Black lives matter: MLK Jr.’s living legacy
Protests against police brutality continuation of fight against racism
Students in American classrooms are taught about iconic figures in a gradual manner. At first, Martin Luther King, Jr. was simply a man who had a dream. A few years later, students learn that not only did he have a dream, but that he believed in nonviolence and led peaceful protests. Finally, students learn that he was unjustly jailed and tragically assassinated. Regardless of this gradual learning curve, it is clear that MLK’s legacy is often reduced to a man who gave speeches, led marches and believed in a dream. Rarely is it mentioned that MLK’s disdain for violence stemmed from the Vietnam War, a fight that he openly condemned. Nowhere in history books is it mentioned that he was an adulterer, that he fought for the rights of sanitation workers and that he advocated for curriculum reform. MLK Jr. Day is hardly intended to be a day off from work or school. Rather it was designed to become a national holiday to commemorate the life and legacy of a man who truly believed in a cause so greatly that he risked his life for it. In 2015, however, given the scenes of protests that have played out across the nation in recent months, this MLK Day means more than it might have than ever before. As protestors continue to pour into the streets to acknowledge the unlawful deaths of unarmed black men and women, it is apparent that King’s message is still relevant today.
There are myriad of parallels that can be made between the Civil Rights Movement during the mid-20th century and today’s movement against police brutality. The most notable difference is that during the 1960s, activists were fighting for concrete and visible results: putting a legal end to segregation, achieving voting rights for African-Americans and the reversal of Jim Crow laws. In that sense, today’s movement against racism and police brutality is dealing with the aftermath of 1960s Civil Rights Movement. Racism isn’t always tangible. So while it is true that laws have changed, mentalities have not. Laws and regulations cannot stop individuals from hating one another, and nothing can regulate personal bias, thus making it easier than ever for social interactions to revert to an archaic disposition that was once commonplace only 50 years ago.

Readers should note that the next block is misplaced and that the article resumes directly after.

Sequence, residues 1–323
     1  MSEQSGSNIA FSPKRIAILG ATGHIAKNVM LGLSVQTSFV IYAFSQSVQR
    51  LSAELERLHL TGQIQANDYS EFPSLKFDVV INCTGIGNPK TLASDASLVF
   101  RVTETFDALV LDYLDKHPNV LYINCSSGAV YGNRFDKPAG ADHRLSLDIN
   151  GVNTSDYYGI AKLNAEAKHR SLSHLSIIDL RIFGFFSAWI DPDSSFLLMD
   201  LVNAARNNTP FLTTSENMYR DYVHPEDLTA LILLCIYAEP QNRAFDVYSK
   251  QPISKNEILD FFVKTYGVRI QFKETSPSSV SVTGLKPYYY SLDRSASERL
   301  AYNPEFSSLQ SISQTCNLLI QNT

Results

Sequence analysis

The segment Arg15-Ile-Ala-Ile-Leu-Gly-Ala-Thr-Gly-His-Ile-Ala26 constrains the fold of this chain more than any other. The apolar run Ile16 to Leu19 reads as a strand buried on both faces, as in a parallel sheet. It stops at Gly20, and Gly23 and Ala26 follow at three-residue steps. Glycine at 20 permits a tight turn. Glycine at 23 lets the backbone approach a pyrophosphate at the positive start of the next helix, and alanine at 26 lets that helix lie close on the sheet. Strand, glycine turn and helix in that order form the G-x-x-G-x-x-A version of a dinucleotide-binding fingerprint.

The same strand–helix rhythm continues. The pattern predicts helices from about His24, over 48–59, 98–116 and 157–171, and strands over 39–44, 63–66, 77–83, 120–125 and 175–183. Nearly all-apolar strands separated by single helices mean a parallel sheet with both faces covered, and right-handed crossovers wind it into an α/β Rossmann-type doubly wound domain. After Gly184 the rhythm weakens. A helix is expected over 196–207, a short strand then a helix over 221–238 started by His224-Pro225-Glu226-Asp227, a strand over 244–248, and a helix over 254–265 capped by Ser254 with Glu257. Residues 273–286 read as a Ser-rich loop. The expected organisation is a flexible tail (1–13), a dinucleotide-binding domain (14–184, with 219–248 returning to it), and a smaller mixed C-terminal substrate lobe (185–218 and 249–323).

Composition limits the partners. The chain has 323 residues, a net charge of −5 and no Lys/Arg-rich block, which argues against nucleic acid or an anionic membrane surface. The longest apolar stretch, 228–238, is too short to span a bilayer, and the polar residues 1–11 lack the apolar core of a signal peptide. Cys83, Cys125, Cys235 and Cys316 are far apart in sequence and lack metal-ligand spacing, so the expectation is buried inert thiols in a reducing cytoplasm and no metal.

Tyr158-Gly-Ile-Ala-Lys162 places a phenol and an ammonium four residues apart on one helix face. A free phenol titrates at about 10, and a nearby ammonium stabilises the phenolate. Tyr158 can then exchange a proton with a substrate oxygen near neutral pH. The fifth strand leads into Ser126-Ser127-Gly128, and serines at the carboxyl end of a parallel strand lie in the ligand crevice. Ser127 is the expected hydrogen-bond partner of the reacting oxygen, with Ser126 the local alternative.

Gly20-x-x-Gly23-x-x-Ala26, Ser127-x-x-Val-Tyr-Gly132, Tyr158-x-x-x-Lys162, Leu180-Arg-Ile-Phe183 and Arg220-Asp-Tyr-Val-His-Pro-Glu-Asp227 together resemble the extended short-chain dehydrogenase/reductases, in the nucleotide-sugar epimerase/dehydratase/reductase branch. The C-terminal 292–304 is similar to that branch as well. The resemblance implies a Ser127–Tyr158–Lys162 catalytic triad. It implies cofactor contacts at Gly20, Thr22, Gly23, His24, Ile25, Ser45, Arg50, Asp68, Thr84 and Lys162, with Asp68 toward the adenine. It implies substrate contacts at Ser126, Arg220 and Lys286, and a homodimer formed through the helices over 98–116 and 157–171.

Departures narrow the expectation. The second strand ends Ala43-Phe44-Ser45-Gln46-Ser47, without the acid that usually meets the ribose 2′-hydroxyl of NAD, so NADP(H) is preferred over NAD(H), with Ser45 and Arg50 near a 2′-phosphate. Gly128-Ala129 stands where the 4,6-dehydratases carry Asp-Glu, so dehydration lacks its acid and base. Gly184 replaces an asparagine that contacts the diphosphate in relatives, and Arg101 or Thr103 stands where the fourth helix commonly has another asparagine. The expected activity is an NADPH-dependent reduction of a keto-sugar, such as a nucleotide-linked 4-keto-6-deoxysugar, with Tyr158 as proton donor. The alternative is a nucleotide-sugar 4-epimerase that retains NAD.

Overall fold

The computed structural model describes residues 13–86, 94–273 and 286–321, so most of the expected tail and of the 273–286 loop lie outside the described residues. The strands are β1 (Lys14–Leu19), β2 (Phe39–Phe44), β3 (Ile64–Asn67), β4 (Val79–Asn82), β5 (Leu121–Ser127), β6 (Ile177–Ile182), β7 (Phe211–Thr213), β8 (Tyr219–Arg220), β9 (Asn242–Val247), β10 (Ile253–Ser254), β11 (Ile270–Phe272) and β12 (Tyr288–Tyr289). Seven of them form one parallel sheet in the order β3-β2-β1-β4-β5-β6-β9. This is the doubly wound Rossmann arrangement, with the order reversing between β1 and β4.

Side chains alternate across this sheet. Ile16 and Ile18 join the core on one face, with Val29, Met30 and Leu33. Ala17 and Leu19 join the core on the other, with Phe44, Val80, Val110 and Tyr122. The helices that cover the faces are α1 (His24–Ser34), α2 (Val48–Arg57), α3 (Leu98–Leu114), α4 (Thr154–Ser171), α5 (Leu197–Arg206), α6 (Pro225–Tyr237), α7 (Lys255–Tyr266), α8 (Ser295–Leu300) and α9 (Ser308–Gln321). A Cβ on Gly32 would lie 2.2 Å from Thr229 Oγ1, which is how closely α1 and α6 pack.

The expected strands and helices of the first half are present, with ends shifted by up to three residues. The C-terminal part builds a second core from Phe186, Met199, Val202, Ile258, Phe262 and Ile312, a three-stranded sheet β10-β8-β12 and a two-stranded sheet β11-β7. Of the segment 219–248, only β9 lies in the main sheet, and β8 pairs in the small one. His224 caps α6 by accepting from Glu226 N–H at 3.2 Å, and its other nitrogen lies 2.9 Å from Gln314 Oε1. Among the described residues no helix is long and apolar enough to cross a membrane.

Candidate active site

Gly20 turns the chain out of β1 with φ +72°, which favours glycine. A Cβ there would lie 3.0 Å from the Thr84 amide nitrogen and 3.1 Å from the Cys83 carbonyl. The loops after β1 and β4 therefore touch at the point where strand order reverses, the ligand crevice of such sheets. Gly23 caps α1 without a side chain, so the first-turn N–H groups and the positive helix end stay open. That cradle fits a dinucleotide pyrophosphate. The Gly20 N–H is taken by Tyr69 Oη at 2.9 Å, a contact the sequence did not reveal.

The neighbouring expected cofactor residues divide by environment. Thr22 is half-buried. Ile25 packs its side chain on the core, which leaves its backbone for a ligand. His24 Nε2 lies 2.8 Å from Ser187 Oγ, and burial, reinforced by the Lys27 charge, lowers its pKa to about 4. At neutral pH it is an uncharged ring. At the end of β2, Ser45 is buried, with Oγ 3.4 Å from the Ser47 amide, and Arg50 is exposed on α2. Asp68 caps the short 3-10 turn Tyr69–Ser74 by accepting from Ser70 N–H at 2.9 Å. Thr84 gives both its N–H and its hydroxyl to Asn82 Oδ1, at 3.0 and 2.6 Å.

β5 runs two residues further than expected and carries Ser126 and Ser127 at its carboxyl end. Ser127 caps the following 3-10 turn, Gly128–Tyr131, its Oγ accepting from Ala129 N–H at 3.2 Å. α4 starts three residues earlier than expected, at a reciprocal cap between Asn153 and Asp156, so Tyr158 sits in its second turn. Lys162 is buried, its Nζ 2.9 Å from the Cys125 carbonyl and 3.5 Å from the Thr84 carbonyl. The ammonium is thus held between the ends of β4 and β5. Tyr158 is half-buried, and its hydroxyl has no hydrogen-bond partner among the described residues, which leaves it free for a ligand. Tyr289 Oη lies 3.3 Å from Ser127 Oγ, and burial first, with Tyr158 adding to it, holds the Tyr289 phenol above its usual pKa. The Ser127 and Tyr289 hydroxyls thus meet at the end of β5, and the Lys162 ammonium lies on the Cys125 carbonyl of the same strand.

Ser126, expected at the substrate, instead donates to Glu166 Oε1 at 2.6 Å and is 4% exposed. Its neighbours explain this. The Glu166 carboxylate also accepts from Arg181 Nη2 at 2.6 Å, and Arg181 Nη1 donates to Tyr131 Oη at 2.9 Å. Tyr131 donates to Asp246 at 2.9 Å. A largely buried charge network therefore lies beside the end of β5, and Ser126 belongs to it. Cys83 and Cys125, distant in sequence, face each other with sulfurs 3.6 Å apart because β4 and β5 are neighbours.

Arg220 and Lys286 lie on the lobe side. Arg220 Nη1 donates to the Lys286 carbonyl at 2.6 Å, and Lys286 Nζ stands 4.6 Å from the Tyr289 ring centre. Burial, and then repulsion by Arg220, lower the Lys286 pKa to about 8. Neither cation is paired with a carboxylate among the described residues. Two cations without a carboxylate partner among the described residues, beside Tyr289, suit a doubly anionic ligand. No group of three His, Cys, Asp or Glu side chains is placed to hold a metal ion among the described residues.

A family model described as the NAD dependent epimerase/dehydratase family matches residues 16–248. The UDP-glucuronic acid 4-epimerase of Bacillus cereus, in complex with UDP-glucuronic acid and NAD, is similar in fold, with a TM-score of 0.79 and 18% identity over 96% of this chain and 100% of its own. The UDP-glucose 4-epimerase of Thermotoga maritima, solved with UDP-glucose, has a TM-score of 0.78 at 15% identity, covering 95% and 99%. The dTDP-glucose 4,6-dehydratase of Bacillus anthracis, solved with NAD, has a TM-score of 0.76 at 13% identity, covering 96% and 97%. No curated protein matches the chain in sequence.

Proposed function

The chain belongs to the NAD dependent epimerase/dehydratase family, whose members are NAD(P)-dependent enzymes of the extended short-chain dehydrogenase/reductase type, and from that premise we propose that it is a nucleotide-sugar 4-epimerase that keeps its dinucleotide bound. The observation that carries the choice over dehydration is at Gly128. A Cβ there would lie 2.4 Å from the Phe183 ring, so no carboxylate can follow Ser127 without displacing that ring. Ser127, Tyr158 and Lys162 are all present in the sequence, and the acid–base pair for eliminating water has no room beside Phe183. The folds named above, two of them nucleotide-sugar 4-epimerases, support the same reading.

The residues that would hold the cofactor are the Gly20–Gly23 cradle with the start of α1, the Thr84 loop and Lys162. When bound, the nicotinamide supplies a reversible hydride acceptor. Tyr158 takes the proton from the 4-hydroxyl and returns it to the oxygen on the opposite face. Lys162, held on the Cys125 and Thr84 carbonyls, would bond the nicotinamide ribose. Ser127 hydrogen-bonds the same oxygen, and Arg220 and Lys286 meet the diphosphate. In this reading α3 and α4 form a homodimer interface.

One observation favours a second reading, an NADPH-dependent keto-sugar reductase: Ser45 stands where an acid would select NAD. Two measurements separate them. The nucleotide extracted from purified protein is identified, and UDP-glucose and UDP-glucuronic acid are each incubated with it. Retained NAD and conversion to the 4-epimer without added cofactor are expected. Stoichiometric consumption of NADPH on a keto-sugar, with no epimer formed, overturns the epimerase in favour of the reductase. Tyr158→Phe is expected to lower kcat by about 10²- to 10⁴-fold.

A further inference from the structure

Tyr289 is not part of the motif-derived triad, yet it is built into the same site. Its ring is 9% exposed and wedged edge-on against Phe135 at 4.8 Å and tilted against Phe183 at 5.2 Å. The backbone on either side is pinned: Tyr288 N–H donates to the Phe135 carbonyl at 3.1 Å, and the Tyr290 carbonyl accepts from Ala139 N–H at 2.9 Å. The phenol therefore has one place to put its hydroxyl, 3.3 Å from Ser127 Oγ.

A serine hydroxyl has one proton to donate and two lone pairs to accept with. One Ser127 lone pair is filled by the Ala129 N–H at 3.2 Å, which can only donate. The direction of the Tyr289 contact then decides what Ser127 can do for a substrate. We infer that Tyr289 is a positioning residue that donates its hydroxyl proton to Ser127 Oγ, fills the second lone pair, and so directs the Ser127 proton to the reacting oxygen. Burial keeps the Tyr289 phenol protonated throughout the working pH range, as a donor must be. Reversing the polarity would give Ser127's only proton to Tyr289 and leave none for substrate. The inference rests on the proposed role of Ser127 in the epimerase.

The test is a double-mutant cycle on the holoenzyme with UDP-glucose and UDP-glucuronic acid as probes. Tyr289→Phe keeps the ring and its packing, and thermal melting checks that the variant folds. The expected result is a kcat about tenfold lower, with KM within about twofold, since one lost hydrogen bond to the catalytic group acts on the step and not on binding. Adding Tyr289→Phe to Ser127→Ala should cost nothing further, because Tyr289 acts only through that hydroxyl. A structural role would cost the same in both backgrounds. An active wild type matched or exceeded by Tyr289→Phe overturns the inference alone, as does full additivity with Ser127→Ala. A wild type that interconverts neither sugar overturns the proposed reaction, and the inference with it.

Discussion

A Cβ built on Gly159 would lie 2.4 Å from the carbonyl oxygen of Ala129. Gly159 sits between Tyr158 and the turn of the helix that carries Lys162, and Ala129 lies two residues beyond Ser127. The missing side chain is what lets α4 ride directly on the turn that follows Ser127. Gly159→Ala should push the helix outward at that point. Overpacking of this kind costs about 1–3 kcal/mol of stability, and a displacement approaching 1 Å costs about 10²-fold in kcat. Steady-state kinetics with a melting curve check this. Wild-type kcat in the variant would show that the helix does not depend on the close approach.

As of late, there is not one person leading the charge against police brutality, a modern-day MLK-like figure has yet to emerge. But there are those such as Michael Brown, Eric Garner and Tamir Rice who exemplify the necessity of the movement. The deaths of these individuals — and the many more who have come before and after them — prove the staying power of this modern day revolution. The protests seen throughout the streets of major cities and on college campuses emulate the spirit of the 1960s. Similarly, with a 21st-century spin, action on the highways of social media has not waned as individuals retweet, re-blog and repeatedly post about continued injustice each day.
MLK showed everyone that achieving change is not about being an angel who believes in a singular cause. But as a man with many flaws, someone who was multifaceted and believed in the power of human action, MLK was a living, breathing example that believing in a cause and fighting for it at all costs, without giving up in the face of hatred, can bring about meaningful change. Even though today’s protestors and activists are not fighting for something as visible as voting laws, their effects can still be felt. Yesterday on the 29th MLK Day, MTV broadcast all programs in black and white to spark a conversation on race. Creating an open discourse on racism may be one of the most concrete ways to combat related injustices. Those who believe in the cause are called to action and together, collective power will make a difference.